(2, 2) We pass now to a second suggestion, viz., that "good" can be defined in terms of desire. In this connexion Sidgwick makes a very important point which he hardly stresses enough, so that the reader may easily overlook it. I will therefore begin by making this point quite explicit. It concerns the ambiguity of the word "desirable In criticizing Mill at our mother's knee we all learnt one ambiguity of this word, viz., that it may mean capable of being desired or fit to be desired. The first meaning might be called the "purely positive meaning" and the second might be called the "ethically ideal meaning". The important point which Sidgwick makes is that there is a third sense, which might be called the "positively ideal meaning". In this sense "X has such and such a degree of desirability for me" means that I should desire X with such and such an intensity if I knew that it were attainable by voluntary action and if I could forecast with complete accuracy what my experience would be on attaining X. We must now notice that what is highly desirable, in this sense, if it could be got apart from its consequences, might have highly undesirable results. Among these results is the fact that [175] the indulgence of desire A may strengthen it and cause desire B to weaken or vanish; and yet B may be a more desirable desire, in the sense defined, than A. We thus come to the notion of "the most desirable future for me on the whole from now on".

      This, according to Sidgwick, may be defined as that state of affairs which I should now choose in preference to any other that I could initiate at the time, provided that I had completely accurate knowledge of this and of all practically possible alternatives, and provided that I could accurately forecast what my experiences would be on the supposition that each alternative were realised. It will be noted that this would involve a knowledge of how my desires and feelings are going to alter in the course of my life, either as a result of my present choice or from causes outside my control. It is evident that this notion is "ideal", in the sense in which the notion of a perfect gas or a frictionless fluid is ideal. But, like those notions, it is purely positive; it involves in its analysis no reference to obligation or fittingness. The suggestion is that this is what is meant by "my good on the whole". He says that it seems paradoxical to suppose that "my good on the whole" can mean anything so complicated as this. And yet (Methods of Ethics, Sixth Edition, p. 112) he seems inclined to think that this may be the correct analysis of the term. And, for reasons which I have already given, I see no objection to the view that a term with which we are quite familiar may in fact have a very complicated and unfamiliar analysis.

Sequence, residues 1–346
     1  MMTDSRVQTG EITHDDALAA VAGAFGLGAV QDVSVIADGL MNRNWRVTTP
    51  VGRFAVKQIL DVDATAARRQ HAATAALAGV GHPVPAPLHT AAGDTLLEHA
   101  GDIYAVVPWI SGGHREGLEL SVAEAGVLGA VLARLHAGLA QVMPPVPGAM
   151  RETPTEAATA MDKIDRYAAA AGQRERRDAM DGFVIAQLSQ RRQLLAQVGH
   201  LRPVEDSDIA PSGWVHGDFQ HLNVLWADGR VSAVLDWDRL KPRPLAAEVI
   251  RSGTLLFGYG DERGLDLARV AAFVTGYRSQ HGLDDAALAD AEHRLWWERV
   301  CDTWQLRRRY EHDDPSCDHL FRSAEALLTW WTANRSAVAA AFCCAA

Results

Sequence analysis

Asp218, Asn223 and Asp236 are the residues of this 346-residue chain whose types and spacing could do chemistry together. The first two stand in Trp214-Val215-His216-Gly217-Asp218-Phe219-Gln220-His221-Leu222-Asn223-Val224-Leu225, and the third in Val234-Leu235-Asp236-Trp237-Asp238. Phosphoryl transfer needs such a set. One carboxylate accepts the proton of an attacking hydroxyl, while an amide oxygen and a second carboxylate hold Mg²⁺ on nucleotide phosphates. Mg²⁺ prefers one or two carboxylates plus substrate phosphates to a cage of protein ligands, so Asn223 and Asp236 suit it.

In the second paragraph of the same page he goes on to say: "It seems to me, however, more in accordance with common-sense to recognise, as Butler does, that the calm [176] desire for my good on the whole is authoritative; and therefore carries with it implicitly a rational dictate to aim at this end, if in any case a conflicting desire urges the will in an opposite direction." It is not perfectly clear to me what he wishes us to infer from this statement. He might mean (a) that the purely positive, though ideal, definition of "my greatest good on the whole" is adequate; but that it is a synthetic and necessary proposition that I ought to desire my greatest good on the whole, thus defined. Or (b) he might mean that the purely positive definition is not adequate, and that "good" cannot be defined without reference to the ethical notion of "ought" or "right". It seems fairly clear from the latter part of this paragraph that he takes the second view. "My greatest good on the whole" is what I ought to desire, assuming that only my own existence were to be considered. And "the greatest good on the whole" is what I ought to desire when I give the right amount of importance to all other individuals as well as myself. (Sidgwick says "equal importance". But this prejudges the question whether equality is the right relative importance of myself and others.)

      This seems to be Sidgwick's conclusion, but I must confess that I find his discussion very complicated and the result not very clearly stated. Assuming this to be the right interpretation, there remains one further question to be raised. It follows, no doubt, that a purely positive definition of "good" has been found to be impossible. But is any definition possible? Granted that the two propositions "X is the greatest good on the whole for me" and "X is what I ought to desire when I take account only of my own existence" are logically equivalent, is the second an analysis of the first? This does not seem to me at all obvious. It is surely possible that both "good" and "right" are indefinable, as both "shape" and "size" are, and yet that there is a synthetic, necessary, and mutual relation between them, as there is between shape and size.